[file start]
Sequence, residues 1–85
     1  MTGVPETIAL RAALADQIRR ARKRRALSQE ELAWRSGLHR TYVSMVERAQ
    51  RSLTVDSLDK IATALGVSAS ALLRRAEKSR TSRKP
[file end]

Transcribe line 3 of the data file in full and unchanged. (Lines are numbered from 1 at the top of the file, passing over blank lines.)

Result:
    51  RSLTVDSLDK IATALGVSAS ALLRRAEKSR TSRKP